The unhealthy way views sin as bad deeds or bad thoughts, and then emphasizes how sinful we all are.  How bad we all are.  How in terrible need of some kind of redemption to overcome this terrible condition we all need.  And therefore that we deserve, you see, punishment by God for our badness.

There's one thing that I hear over and over again from new people who come to our church and that is how refreshing and how wonderful it is to come to a place where they are not beat up all the time.  Not told over & over again about how bad and awful and sinful that they are.

And I think it was that understanding of sin and human nature that was clearly reflected in Mel Gibson's movie the Passion of the Christ.  And I have to be honest and share with you that I do not understand how convincing anyone about how sinful they are that Jesus had to so terribly, terribly suffer in order to take away their sin is going to make anyone a healthier person.  We have enough neurosis in the world, we don't need to take on that kind of guilt of what we caused the Son of God to suffer.

Is there another way, a healthier way, to envision how we have all sinned?  Yes, I think there is.  And that is to describe sin as the separation from God, rather than to focus on just bad deeds and bad thoughts.  Child psychologists tell us that when we are born we have no individual identity or self-awareness.  For those first 9 months or so of our existence, our experience of the world is filtered through the protection of our mother's womb.  After birth we slowly become more aware of the world around us.  Unlike in the womb, where everything is connected, now we are aware of how everything is separate.  And so for self-awareness to mature into a healthy consciousness, we necessarily must separate ourselves from our parents, from our family, from all others in order to become the unique individual that we are fully self-aware.  

And only when we become most fully aware of how separate we really are do we become aware then of how separate we are from God.  And such separation is not anything bad, it's simply human nature.  However, it is the continued living in that state of separation that then results in those things in the world that bring us to where we are and the situation of so many problems that we face.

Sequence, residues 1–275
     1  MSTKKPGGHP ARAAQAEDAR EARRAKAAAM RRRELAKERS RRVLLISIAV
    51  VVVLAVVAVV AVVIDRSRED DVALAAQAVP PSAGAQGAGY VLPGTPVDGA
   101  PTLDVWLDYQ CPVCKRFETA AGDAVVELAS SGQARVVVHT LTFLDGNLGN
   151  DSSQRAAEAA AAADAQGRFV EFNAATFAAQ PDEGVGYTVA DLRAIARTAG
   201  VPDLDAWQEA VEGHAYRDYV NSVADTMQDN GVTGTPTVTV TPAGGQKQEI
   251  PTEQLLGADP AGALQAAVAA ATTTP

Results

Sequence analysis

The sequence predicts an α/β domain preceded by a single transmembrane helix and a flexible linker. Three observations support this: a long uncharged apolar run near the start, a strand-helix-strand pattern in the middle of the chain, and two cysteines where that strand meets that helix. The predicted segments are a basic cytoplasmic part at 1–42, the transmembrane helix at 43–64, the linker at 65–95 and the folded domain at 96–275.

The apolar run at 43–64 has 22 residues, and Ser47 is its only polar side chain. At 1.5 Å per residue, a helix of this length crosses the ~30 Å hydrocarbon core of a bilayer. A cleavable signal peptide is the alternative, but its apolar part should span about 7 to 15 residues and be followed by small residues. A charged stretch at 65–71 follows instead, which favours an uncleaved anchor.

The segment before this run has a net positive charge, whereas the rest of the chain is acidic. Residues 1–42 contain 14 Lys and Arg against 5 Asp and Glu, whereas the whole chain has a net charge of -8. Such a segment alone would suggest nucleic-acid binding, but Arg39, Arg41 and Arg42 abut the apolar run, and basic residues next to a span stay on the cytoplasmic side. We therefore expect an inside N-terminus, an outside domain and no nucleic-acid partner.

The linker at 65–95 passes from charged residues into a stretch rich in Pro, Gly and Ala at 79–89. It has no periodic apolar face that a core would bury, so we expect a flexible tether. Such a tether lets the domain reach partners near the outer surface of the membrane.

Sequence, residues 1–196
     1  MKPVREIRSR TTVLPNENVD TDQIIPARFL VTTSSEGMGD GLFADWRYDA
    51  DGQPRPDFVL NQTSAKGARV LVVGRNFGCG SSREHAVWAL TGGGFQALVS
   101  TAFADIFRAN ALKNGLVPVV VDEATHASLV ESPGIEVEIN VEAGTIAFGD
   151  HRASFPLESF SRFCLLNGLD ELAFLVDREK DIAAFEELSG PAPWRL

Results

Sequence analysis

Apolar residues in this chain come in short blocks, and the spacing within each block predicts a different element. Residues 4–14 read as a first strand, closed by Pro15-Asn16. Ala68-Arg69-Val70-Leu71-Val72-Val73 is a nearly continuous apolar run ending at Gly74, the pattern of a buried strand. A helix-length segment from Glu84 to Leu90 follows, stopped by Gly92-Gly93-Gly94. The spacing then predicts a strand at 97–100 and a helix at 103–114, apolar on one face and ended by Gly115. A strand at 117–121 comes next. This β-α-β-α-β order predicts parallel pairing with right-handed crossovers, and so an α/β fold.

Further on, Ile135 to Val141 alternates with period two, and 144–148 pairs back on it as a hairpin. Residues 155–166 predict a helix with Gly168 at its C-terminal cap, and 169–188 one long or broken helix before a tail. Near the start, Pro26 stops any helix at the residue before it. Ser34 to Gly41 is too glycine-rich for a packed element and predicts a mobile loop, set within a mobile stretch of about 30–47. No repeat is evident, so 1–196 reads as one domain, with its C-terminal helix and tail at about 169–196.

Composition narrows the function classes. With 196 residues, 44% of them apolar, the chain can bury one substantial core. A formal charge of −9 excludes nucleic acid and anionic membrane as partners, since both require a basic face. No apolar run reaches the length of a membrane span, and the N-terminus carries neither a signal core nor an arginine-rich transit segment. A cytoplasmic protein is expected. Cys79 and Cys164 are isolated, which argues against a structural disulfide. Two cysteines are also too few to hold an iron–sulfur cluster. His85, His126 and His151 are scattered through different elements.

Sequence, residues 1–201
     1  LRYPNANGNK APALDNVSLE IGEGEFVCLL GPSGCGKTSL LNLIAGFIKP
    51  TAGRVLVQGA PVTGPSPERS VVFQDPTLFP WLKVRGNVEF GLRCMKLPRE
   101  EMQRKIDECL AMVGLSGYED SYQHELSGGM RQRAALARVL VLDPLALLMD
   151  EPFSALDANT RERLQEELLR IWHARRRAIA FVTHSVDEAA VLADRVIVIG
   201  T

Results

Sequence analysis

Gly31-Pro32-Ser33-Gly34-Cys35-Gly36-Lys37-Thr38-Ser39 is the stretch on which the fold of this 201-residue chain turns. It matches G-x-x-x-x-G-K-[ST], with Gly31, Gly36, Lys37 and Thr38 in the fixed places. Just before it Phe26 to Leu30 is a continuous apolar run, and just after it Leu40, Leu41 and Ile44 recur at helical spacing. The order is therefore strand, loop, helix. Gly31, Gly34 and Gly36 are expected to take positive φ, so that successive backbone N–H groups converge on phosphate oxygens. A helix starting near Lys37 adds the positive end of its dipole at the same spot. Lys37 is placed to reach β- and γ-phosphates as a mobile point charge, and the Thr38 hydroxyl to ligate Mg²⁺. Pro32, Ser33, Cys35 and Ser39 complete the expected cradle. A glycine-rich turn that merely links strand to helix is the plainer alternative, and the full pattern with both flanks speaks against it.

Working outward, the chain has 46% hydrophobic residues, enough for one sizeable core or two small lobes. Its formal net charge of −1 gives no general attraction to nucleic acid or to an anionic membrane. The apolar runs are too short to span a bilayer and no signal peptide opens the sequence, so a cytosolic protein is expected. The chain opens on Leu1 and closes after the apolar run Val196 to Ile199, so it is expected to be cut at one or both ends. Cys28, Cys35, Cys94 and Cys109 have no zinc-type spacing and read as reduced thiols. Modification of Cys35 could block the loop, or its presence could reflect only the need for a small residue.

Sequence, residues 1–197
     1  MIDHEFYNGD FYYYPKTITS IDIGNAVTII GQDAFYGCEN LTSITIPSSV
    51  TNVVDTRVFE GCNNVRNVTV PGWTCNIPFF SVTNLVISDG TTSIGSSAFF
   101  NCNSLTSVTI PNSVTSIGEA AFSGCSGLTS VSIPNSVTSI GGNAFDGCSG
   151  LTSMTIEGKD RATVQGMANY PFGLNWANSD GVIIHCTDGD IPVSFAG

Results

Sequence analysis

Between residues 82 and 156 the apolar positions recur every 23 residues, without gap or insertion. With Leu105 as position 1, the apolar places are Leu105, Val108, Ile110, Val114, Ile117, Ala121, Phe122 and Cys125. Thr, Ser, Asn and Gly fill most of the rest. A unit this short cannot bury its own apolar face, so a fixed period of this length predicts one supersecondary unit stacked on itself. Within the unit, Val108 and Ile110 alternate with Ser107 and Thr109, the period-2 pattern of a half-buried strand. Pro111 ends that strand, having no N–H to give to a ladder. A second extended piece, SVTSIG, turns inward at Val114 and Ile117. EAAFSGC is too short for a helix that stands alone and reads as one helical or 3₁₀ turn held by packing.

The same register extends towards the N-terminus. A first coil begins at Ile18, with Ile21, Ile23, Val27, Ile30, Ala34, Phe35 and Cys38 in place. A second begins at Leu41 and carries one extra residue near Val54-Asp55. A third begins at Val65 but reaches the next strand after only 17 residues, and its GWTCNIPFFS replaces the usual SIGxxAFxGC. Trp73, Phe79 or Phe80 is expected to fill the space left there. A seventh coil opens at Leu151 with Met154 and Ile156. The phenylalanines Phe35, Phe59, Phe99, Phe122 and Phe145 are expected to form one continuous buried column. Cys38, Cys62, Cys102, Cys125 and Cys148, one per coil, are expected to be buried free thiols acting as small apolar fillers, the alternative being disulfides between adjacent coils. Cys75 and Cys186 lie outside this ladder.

And faith is that which offers a way to overcome that separation.  To be connected to God once again.  And this is the basic message of Paul that's very simple to understand.  That the solution to what is wrong in the world is found through faith in the one God who is the God of all.

But what does it really mean to have such faith?  Imagine you're at the Eugene airport and you're about ready to board a flight, but you are given the choice of two planes.  You can take plane #1 or plane #2.  And you're told that both planes have pilots freshly graduated out of school.  The first pilot is a graduate of the Tuskegee Aeronautics Flight School.  You've never heard of this flight school, you have no idea how good it is, but you're told he was a top student, received A's in all his courses, passed with flying colors.  The second student is a graduate of Northwest Christian College.  You know NCC, he was a bible student.  Top student -- got A's in all of his Bible classes.  Now which one are you going to fly with?  Do you have faith?

Now here's my point:  Paul is not an advocate of blind faith.  He is not suggesting you put your faith in Jesus just because Jesus is a really nice guy who got good grades at NCC -- The Nazareth College of Carpenters!  Rather, he advocates for faith in Jesus as the one who has walked the talk, who put his life on the line for us.

Now I want to call your attention to one of those obscure ambiguities of translation which sheds new light on this text and I think makes it easier to understand.  It's not really a correction, but just a difference in translation that makes all the difference in how we read this text.